Racine Grange meets

RACINE — Legislative affairs dominated the recent meeting of Racine Grange.

The Governor is proposing to consolidate the state board of education with two other boards and eliminate election of any members to the board by the public. This would create the ability of the Ohio Governor to control education in the state. Members objected to the elimination of local control over education and passed a resolution to oppose this proposal.

Concern over the statement of Congress due to the rule in the U.S. Senate that allows forty percent of Senators to stop any legislation in that body was discussed. This rule is not a Constitutional one, but one created in 1922. A resolution was passed calling for a simple majority to determine the passage of a Senate bill.

It was revealed that it is currently against Ohio law to start a vehicle and then leave it running without a driver. Members expressed their need to start vehicles in winter to get them warm before driving. Therefore, members passed a resolution calling for a repeal of this law.

Members spoke of concerns about the U.S. Postal System’s decline in service. There is no longer any one- or two-day delivery of first class mail. Mail now takes three to five days even to the same post office where the letter was mailed. A local postmaster revealed that despite technology, the cuts in the number of employees in the post office have caused this. When the U.S. Postal Service was created, it was required to operate on a break even basis. Since the U.S. post office is a requirement in the Constitution, members approved a resolution asking the federal government to provide subsidies to the post office in order to improve service.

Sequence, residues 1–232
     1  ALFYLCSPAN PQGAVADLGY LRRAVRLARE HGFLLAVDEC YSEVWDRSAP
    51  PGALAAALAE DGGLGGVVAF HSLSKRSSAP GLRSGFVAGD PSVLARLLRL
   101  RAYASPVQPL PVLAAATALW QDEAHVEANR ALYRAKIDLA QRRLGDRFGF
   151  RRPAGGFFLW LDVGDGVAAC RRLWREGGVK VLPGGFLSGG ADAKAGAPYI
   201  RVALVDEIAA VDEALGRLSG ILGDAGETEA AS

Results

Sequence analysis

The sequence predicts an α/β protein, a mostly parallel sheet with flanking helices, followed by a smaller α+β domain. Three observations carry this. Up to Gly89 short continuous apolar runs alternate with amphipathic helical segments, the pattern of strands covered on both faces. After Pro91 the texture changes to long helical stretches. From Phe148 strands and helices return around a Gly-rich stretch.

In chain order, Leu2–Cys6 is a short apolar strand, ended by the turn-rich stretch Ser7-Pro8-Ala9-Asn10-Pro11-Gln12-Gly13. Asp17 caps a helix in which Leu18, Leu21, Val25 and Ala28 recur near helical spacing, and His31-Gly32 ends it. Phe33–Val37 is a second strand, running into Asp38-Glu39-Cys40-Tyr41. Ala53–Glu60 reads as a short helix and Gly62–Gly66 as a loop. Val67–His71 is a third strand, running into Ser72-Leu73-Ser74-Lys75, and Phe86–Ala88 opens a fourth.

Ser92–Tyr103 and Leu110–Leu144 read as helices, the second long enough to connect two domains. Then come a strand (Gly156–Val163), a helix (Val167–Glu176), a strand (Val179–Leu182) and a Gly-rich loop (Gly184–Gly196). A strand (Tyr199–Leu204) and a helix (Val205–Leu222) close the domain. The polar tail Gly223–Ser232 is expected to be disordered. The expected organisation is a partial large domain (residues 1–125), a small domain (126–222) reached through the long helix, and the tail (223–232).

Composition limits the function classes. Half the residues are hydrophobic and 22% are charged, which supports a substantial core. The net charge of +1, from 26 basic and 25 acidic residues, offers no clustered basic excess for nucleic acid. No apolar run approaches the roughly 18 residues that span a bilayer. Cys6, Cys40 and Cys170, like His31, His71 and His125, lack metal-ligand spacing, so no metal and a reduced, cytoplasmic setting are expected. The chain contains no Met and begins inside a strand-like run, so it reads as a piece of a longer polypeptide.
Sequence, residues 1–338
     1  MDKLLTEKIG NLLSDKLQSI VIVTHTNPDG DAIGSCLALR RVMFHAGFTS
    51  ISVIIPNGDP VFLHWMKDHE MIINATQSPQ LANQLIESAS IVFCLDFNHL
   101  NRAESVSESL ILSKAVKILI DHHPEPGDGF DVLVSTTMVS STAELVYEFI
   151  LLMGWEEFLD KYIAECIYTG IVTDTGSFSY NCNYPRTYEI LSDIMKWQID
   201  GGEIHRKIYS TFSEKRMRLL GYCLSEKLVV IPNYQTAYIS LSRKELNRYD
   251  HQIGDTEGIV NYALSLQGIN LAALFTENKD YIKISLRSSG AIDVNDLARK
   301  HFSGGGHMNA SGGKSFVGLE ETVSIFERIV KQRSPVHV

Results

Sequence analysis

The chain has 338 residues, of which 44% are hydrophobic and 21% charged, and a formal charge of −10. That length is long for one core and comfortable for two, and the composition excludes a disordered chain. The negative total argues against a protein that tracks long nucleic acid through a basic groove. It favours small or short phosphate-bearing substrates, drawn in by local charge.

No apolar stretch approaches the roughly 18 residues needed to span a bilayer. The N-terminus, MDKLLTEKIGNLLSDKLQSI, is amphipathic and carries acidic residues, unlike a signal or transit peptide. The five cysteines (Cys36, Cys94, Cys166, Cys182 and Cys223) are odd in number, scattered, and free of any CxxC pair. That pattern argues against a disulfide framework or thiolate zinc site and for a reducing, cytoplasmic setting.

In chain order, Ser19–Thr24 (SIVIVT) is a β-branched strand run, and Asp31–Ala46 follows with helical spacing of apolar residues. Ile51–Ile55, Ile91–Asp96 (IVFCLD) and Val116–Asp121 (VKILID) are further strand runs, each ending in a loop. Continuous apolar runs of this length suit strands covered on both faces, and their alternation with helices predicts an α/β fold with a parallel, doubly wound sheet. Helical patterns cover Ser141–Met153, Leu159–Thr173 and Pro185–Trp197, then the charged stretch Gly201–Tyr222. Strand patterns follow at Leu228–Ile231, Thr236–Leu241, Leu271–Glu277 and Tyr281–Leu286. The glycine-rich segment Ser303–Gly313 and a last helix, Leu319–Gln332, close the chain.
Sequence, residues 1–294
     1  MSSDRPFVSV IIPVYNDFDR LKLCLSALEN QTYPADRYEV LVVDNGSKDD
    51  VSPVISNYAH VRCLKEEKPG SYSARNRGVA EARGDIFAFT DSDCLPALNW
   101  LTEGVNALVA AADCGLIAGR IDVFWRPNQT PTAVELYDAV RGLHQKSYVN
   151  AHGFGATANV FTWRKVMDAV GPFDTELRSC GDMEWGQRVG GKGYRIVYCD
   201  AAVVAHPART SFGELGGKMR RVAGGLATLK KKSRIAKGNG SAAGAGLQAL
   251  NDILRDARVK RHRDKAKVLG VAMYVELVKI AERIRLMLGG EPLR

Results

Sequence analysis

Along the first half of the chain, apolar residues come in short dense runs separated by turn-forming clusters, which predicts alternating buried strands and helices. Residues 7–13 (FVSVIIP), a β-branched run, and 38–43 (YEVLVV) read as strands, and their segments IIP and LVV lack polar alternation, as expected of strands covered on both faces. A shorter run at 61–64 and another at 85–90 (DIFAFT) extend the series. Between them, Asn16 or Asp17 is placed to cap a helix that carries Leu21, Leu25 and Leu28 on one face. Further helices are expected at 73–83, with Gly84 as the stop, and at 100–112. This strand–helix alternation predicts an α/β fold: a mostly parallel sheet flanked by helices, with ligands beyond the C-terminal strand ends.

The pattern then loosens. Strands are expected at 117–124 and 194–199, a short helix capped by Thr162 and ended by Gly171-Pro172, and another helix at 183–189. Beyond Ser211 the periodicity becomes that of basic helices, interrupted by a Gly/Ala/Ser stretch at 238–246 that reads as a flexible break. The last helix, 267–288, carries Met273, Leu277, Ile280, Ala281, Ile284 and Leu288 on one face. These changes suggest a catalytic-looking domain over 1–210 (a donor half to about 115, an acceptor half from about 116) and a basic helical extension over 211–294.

The legislative agent revealed that a power plant was proposed for Letart Falls three times since 1911 with none ever occurring. Power companies have the power of eminent domain to force property owners to sell out. This was done in Great Bend in the 1960s and again in Letart Falls a few years ago. These power companies then tear down all the homes and buildings, destroying the tax base. Members felt that these companies should have to divest themselves of property obtained for unbuilt power plants and approved a resolution asking that the state put this into law.

The lack of barbers was a concern. A local barber said that old certificate rules required an extensive internship. However, new certification requires barbers to follow certification rules for cosmetology that have shorter internships but require knowledge of other cosmetology areas that have nothing to do with barbering. This is causing a lack of new barbers. The Grange approved a resolution asking the state to return to the former certification rules for barbers.

Members discussed the governor’s proposed new gun laws as a knee-jerk reaction to the recent school shooting in Florida. One of the proposals would allow anyone to complain about a gun of another person causing him to lose his gun and then have to defend himself to get it back. The legislative agent was asked to look more into this and report back.

There was a discussion on the opiate crisis. It was also revealed that the Fairness Doctrine of the Federal Communications Commission is likely to be overturned.

The next meeting of Racine Grange will feature annual inspection with a dinner at 6:30 p.m. preceding the meeting. There will be election of delegates to the state grange convention.

Olivia Yost has been asked by the state grange to attend the National Grange Fly-in in Washington D.C. in April. This features discussions on current legislative topics followed by visits with each ones respective members of Congress. She is also going to be assisting the Ohio State Grange Juniors Camp.

Under community service, Grange members are obtaining children’s books to be donated to the library for the Easter Egg Hunt. The chairman will also look into a possible safety program to be used in schools.

Degree day, where all four degrees will be given to new members, was set for April 28 at Waterford Grange in Waterford.

Information submitted by Keith Ashley.